Often viewed as the “real deal” in black metal, as opposed to it simply being a gimmick, Watain has been blasting their versions of blasphemy since 1998. Although fan favorite records Rabid’s Death Curse and Sworn To Dark existed prior, it wasn’t until 2010’s Lawless Darkness that the infernal fireball truly ignited for the theistic Satanists from Sweden. In Lawless Darkness, the band found themselves achieving a level of musicianship and writing ability that transcended the typically limited style of traditional black metal into a new level. Lawless Darkness maintained very true to its roots but was able to resonate outside the world of black metal and into a much larger audience. It seemed to garner such critical claim that many thought the band blew its wad and was going to have face the impossible task of following up. It took 3 years but The Wild Hunt is upon us and is here to show that the bar could be set much higher than the highly regarded, Lawless Darkness.

Over the years, Black Metal has erupted into something far bigger than I think what the pioneers of the genre had anticipated or even wanted. Bands like Dimmu Borgir and Behemoth who started to incorporate other styles of metal into achieving some monumentally epic sounds. Sure there are some bands that are remaining “TRVE” and “CVLT” but overall the genre was evolving into something much, much more. Watain has long since been one of those that seemed to keep it simple, while escaping the trappings of the many Mayhem clones out there. The sheer intensity remained with the buzzsaw tremolo picking coupled with machine gun blast-beat heavy drumming, but much like predecessors Emperor and Dissection there was an obvious sense of melody needed. The first 3 records were a band finding themselves and Lawless Darkness showed the band come right into their own.

What The Wild Hunt brings to the table is everything the previous album presented but with an even higher level of maturity and easily their “biggest” album to date. I know just reading that sentence a lot of elitist black metal fans are going to be turned off but this is seriously Watain’s best work and I’ll explain. The Emperor worship that the band has been gravitating towards comes front and center this time out and the incorporation of background synths at times adds the same element of depth that Ihsahn & Co. possess. The band follows further into that tribute with their ability to pace an album properly much in the vein of IX Equilibrium did. The album starts off with a soft instrumental that sounds like something that would fit perfectly in Transylvania and immediately catapults into the sinister De Profundis, which basically takes off where the last record left us. The Lawless Darkness clone continues until track 6, They Rode On. This is where the band starts to distance themselves from other black metal bands and shows off their true talent. They Rode On is a nearly 9 minute ballad that is comprised of mostly clean singing and guitars. It took 2 or 3 listens for me to appreciate this song but it comes in at a perfect time on the record and it really captures the dismal emotion the band was going for. It goes from one end of the spectrum to the other in a single track as Sleepless Evil is arguably the heaviest song the band has ever written. If to mess with your heartrate, the band dives right back into its 2nd ballad of the record in the title track. It’s not nearly as clean and They Rode On but the atmosphere is equal to it. Branching out, The Outlaw beginnings and ends with an incorporation of tribal beats. I would more likely compare to a satanic séance than something along the lines of Sepultura though. After an atmospheric instrumental record, the album rights itself for its conclusion in Holocaust Dawn, which is much more comparable to some of the earlier tracks on the record and Lawless Darkness.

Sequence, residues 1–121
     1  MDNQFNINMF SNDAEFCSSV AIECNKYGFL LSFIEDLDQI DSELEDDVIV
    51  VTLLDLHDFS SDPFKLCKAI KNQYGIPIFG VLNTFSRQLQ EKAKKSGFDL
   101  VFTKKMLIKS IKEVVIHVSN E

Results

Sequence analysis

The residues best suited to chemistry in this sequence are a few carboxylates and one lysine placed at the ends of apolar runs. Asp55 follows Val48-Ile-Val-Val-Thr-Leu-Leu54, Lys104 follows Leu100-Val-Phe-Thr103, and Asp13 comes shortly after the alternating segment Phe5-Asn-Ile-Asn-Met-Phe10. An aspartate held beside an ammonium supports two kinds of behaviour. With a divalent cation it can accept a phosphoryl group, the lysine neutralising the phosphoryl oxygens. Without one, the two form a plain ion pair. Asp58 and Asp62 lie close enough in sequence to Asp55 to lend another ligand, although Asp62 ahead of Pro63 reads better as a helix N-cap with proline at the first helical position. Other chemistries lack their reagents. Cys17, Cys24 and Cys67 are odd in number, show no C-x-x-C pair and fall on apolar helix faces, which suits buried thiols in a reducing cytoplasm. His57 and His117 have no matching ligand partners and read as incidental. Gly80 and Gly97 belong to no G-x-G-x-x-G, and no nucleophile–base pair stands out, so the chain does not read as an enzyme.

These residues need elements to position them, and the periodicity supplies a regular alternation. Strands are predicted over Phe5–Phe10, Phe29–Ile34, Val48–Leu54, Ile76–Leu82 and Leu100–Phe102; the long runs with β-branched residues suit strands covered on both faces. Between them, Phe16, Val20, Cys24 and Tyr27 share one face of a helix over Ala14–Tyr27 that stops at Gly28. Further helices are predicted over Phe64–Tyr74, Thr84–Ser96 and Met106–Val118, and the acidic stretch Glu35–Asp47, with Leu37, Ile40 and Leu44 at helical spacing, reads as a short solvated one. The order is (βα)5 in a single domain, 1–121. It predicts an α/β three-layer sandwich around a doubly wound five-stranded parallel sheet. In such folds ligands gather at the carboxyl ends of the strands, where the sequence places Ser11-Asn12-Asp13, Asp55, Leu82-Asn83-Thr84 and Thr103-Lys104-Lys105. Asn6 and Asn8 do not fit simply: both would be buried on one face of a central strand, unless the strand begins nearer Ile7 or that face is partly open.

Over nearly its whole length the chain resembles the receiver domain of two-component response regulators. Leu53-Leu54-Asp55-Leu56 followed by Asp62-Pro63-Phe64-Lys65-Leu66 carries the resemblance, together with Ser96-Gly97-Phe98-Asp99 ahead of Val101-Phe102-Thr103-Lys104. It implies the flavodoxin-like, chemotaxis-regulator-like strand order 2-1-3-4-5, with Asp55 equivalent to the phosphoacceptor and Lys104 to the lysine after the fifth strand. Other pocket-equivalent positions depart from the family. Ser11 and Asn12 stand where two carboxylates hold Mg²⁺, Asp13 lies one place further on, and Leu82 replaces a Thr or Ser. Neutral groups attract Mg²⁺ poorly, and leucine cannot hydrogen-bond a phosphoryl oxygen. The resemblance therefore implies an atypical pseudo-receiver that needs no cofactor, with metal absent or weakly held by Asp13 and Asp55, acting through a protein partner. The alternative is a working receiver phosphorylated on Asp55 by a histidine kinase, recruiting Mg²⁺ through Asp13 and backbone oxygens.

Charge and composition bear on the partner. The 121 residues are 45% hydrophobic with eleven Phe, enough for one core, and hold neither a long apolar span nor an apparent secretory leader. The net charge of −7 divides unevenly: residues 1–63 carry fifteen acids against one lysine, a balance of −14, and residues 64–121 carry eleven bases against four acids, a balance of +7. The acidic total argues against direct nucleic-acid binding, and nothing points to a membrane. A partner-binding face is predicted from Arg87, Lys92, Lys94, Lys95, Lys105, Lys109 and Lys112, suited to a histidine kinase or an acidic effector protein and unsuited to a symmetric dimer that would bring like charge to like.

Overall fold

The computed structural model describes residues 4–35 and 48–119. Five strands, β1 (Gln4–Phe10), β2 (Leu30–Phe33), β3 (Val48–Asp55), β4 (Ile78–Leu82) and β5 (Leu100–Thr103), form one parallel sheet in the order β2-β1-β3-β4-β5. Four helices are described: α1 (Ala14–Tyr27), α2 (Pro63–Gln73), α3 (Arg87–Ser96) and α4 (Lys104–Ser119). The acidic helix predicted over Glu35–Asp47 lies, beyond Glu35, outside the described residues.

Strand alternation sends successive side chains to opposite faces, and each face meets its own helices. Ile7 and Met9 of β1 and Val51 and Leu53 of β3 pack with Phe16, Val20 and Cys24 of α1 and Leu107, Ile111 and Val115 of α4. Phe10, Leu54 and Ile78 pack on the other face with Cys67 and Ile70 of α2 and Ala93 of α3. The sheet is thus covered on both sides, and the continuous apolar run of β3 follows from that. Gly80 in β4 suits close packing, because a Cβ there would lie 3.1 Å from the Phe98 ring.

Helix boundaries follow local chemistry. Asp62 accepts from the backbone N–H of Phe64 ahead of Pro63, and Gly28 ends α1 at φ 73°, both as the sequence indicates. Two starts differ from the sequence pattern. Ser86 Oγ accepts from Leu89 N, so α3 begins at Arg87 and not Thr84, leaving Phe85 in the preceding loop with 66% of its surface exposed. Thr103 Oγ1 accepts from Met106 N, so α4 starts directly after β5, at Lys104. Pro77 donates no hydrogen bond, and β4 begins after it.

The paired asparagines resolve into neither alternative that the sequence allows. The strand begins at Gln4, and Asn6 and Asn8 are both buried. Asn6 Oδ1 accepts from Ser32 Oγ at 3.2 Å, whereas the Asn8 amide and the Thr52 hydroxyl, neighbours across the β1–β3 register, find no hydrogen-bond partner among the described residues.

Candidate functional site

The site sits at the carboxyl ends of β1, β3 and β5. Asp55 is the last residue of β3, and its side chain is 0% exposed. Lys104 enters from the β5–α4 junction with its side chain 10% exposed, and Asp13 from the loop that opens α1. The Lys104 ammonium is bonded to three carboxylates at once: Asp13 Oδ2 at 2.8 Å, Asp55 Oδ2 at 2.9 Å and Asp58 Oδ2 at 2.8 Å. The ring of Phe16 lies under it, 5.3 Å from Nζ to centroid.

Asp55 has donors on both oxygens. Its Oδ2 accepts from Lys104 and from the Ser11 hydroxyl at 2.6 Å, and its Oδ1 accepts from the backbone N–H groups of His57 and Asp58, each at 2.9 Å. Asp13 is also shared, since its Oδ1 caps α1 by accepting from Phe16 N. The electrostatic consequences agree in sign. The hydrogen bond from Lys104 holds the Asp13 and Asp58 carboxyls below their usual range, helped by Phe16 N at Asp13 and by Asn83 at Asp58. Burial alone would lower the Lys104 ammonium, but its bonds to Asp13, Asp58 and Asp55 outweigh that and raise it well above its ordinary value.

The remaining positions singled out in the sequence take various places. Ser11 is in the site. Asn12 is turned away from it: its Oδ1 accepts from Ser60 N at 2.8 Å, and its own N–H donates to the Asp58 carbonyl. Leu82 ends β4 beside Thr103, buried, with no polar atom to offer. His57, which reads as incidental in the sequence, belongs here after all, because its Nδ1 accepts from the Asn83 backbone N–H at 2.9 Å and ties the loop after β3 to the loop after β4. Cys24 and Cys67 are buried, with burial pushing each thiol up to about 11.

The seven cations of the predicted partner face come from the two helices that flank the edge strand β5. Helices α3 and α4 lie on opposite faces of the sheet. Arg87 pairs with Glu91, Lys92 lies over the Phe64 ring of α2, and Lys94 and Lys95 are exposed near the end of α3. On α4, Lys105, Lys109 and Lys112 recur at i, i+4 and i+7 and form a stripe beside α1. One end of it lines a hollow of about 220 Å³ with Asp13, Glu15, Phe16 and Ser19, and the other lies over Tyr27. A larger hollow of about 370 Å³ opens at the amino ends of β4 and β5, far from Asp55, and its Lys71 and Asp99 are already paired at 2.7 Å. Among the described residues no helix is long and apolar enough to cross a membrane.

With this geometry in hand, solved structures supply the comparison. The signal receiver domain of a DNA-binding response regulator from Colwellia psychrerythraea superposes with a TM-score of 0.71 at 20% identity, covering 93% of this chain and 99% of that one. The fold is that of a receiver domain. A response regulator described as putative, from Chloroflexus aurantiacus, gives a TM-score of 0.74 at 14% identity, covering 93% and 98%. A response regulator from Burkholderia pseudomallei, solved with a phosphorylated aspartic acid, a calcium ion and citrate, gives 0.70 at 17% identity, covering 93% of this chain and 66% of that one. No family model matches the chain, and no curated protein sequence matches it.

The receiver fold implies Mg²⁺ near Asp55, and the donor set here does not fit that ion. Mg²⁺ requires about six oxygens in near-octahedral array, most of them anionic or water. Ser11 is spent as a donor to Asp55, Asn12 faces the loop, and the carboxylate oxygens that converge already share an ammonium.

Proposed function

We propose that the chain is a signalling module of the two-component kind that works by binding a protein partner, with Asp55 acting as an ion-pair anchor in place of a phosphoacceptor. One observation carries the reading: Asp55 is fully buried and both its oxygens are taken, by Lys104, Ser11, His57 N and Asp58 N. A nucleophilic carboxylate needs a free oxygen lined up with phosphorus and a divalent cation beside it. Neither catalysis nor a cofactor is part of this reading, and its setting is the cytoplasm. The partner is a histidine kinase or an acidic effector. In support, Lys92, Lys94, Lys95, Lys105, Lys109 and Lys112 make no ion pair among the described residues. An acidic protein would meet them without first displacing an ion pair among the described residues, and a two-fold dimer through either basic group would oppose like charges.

It’s a bit much to take in on the first listen but I truly believe that The Wild Hunt is going to end up being revered as Watain’s masterpiece. The band has found what works for them but is able to build on the core to maintain something that is both true to their original plans but not be limited by them. They aren’t as epic as a Dimmu Borgir but this middle of the road sound they are taking is absolutely perfect. I can’t wait to catch them on tour for this record. Do not sleep on this.